apexdbs | Indy Week

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Re: “Drink it raw

In my blog comments I clarified that I do not favor the consumption of any raw animal proteins. so in my comments at least, I have been consistent on that point. Many raw animal proteins are sold, but I would not consume any of them raw. For my part, I don't eat raw seafood, I thoroughly cook all meats, I use pasteurized eggs or fully cook them. There are many educational campaigns out there warning of the risks of consuming raw animal proteins of all kinds.

Posted by apexdbs on 06/29/2007 at 9:23 AM

Re: “Drink it raw

From my most recent post on this issue. Sorry this is so long, but I want to put my perspective in context. The public health services of the United States were extremely limited for the first 150 years or so of our country's history. There wasn't even a list of nationally reportable diseases until Congress passed the first disease reporting law in 1878, which made Yellow Fever reportable. In subsequent years more diseases were made reportable, notably malaria, cholera, tuberculosis, polio, smallpox, measles, mumps, rubella, diphtheria, pertussis, and others. But many of the diseases we track today were not reportable until after the CDC was officially created in 1948, growing out of the Malaria Control Office Congress had previously established in Atlanta, Georgia. What you may notice is that the list of diseases that were first made reportable are largely diseases that are under control today. But it was not always so. From the National Center for Health Statistics, we have records documenting life expectancy at birth dating back to 1850. In 1850, the average U.S. life expectancy at birth was only 39 years. By 1890, the average life expectancy at birth had risen to 43 years. In 1911, that number was still between 43-44 years. But today life expectancy at birth in the U.S. is 78 years. How did we add more than 30 years to average life expectancy at birth in less than 100 years time? In 1900, the three leading causes of death in the United States were pneumonia & influenza (they were combined for reporting purposes back then), tuberculosis, and diarrhea. Today, our top three causes of mortality are heart disease, stroke and lung cancer. Researchers attribute 5 years of the added life expectancy since 1911 to advances in medicine. The remaining 25+ years of additional life expectancy that have been achieved are attributed to key public health interventions in three areas. The majority of life expectancy added since 1911 in the U.S. is attributed to measures designed to prevent diarrheal diseases, particularly cholera and foodborne diseases; vaccination for childhood viral illnesses; and additives mandated to the U.S. food and water supply, notably fluoride in water, niacin in flour, and iodine to salt. Among the antidiarrheal interventions, the most important developments were sewage treatment plants, chlorination and chloramination of drinking water, and pasteurization of dairy products. These measures taken together were responsible for adding 25+ years to the average U.S. life expectancy at birth. This was accomplished by keeping children alive past age 5 years old, largely by preventing severe dehydration from diarrhea, and then to adulthood through vaccination. The key to the most effective public health interventions devised to date is that they are designed to operate universally. The interventions are designed to affect everyone, and in so doing, improve the health of the entire population. And these interventions have proven wildly successful. The reason public health professionals worry about letting people opt out of the interventions is we risk returning to higher rates of disease in the very young, with increased mortality that we have learned how to prevent. None of us want to see the life expectancy gains we have worked so hard to achieve eroded.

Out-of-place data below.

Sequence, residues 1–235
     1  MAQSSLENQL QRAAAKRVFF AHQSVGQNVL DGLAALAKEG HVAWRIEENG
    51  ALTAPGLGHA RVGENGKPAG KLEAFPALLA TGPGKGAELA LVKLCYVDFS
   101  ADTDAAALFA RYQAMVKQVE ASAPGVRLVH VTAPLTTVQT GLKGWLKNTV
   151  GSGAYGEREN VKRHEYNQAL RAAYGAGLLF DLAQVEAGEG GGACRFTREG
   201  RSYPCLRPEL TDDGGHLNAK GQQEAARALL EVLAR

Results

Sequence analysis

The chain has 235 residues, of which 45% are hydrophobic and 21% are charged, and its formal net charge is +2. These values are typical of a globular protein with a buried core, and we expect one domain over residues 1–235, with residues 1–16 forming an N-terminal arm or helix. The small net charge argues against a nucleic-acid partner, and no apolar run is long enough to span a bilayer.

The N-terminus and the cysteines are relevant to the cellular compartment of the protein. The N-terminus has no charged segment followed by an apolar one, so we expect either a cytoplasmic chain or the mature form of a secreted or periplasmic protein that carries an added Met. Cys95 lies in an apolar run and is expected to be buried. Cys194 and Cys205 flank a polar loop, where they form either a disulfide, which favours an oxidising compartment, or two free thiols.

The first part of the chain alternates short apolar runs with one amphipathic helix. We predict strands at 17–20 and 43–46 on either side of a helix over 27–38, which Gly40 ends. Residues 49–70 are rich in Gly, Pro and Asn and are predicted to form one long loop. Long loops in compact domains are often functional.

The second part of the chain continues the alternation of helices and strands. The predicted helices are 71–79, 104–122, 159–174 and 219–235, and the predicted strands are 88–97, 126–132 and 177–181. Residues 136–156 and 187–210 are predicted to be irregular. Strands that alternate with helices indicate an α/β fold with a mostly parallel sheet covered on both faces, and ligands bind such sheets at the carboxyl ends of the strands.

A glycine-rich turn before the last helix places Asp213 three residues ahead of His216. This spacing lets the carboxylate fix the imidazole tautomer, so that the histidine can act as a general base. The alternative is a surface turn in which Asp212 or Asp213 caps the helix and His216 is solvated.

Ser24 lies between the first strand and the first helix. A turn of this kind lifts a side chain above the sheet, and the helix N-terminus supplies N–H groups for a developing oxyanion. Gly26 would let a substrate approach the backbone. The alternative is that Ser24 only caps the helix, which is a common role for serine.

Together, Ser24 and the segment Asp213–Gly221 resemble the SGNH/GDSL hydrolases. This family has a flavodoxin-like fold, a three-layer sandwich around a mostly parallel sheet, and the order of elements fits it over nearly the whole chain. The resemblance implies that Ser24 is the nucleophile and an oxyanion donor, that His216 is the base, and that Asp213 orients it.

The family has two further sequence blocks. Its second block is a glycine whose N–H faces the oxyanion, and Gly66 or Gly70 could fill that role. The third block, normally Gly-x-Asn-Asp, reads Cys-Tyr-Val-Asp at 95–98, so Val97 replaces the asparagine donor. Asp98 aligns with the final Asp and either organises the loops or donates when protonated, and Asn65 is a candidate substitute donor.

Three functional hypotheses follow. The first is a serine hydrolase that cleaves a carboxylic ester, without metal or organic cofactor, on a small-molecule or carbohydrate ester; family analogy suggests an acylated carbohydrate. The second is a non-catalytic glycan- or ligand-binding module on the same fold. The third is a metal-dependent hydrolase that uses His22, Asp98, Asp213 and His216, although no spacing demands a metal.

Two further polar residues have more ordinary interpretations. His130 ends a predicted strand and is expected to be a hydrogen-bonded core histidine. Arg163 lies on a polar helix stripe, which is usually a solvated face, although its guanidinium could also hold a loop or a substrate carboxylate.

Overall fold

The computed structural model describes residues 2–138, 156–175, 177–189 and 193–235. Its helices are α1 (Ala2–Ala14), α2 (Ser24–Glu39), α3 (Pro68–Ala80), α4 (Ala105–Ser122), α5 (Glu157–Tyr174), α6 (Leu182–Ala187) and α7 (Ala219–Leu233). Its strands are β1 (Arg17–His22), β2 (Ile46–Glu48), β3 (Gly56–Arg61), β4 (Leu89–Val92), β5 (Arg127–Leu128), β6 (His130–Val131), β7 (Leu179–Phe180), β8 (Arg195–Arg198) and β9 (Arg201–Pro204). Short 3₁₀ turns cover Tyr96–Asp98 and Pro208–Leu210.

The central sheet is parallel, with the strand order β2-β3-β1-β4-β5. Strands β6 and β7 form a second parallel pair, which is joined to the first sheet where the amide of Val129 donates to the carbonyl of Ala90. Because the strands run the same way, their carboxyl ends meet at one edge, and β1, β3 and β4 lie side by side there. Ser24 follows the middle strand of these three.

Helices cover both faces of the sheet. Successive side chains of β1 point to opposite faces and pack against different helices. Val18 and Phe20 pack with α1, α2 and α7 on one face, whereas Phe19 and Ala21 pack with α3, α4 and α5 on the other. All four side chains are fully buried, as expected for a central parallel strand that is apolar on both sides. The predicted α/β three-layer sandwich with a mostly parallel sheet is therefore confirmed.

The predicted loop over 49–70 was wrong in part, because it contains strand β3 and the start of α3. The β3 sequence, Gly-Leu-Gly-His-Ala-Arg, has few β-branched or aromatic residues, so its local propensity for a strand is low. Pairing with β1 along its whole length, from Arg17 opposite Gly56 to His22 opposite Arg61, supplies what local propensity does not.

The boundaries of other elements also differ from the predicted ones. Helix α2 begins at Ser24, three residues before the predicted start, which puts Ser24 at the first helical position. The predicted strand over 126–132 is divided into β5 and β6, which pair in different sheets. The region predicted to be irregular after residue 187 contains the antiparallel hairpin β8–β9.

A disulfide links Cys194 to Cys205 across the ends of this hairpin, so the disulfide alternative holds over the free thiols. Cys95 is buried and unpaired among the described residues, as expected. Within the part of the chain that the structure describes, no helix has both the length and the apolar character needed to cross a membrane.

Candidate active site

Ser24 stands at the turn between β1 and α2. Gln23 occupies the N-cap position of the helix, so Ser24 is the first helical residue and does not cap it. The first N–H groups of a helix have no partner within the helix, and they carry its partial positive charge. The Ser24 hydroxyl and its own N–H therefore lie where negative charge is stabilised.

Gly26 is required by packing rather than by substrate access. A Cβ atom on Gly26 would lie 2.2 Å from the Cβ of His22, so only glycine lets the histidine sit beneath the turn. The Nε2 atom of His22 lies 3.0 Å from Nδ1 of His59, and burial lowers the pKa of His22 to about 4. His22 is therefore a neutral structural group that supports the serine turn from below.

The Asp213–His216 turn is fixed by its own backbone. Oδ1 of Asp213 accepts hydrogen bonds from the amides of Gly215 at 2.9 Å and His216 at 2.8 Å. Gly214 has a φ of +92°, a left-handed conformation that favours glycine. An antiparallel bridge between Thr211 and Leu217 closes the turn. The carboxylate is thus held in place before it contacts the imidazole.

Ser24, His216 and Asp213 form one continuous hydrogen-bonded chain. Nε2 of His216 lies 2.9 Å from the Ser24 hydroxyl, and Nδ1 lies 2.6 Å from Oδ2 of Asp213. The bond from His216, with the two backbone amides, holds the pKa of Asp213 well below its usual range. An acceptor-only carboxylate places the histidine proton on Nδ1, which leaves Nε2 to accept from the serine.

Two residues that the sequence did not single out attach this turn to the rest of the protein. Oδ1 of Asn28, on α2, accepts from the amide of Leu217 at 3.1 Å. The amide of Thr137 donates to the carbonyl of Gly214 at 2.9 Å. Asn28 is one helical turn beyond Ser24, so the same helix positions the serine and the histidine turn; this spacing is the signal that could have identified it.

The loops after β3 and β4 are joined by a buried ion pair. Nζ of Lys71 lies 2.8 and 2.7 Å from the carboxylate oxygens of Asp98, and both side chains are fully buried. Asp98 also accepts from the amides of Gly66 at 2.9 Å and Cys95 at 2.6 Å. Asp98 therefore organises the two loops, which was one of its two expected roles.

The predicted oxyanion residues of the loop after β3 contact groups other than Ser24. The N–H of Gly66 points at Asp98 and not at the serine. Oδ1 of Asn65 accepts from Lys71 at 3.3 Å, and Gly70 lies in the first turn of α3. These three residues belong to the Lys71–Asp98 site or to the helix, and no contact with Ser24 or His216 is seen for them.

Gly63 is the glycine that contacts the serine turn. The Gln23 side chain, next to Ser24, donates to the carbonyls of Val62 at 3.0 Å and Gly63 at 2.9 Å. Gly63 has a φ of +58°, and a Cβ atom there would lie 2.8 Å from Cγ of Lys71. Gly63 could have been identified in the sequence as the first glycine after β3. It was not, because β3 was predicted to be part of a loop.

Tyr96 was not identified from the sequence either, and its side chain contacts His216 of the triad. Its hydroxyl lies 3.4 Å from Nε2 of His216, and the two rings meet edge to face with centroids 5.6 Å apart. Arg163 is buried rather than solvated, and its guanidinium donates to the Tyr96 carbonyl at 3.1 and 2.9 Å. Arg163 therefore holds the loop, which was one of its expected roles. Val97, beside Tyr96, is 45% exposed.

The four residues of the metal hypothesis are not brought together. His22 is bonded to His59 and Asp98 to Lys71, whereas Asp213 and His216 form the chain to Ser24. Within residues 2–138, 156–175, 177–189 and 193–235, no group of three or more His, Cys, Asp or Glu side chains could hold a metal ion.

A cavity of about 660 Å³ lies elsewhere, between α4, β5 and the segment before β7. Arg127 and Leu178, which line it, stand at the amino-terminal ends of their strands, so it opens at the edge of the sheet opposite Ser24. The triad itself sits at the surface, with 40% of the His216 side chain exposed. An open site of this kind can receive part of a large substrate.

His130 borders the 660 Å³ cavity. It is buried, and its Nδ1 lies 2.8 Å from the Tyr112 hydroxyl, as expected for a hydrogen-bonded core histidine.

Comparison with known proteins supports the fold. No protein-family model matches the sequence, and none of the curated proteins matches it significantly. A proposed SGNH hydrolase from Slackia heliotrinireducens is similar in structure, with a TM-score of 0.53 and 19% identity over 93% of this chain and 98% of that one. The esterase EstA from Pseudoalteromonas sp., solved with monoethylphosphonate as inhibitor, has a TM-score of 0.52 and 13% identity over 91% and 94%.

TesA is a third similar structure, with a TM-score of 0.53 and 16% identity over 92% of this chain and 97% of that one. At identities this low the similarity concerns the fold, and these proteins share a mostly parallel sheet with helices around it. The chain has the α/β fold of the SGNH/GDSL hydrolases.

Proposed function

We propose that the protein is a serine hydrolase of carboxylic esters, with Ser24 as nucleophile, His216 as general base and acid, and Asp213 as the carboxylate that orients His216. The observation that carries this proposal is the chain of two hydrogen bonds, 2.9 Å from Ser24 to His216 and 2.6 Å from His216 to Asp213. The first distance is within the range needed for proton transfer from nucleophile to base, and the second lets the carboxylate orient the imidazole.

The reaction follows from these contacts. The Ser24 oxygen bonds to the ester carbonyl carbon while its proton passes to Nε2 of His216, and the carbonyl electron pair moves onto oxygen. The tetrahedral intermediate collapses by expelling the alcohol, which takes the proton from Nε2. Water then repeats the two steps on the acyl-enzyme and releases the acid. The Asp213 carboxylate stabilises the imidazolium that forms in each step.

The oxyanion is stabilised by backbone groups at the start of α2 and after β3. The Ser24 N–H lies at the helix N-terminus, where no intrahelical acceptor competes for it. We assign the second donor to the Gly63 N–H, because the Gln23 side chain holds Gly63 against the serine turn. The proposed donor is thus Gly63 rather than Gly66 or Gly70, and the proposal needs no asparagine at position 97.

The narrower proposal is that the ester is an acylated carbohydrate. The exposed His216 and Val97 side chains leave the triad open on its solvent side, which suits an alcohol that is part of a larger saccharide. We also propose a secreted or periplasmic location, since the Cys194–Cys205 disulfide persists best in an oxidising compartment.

Posted by apexdbs on 06/25/2007 at 11:30 PM

Re: “Manning's mess

Bob Actually, from reading the ruling Manning does not have to have a preference for one calendar over another to reach his conclusions. He is just interpreting the laws of NC, specifically the Uniform Academic Calendar set forth by NC General Statute 115C-84.2 and S.L. 2004-180. The law says that schools in NC will not operate between June 10 and August 24. Deviations from this calendar are only permitted for two reasons: a school board gets specific permission from the General Assembly to do so, or parents voluntarily allow their kids to attend a year round school. No statute has ever been passed that lets a school board decide to just ignore the Uniform Calendar, which is what WCPSS tried to do with this plan. Whether Manning agrees or disagrees with YR or Traditional calendar schools really isn't the point.

Posted by apexdbs on 05/24/2007 at 11:19 AM

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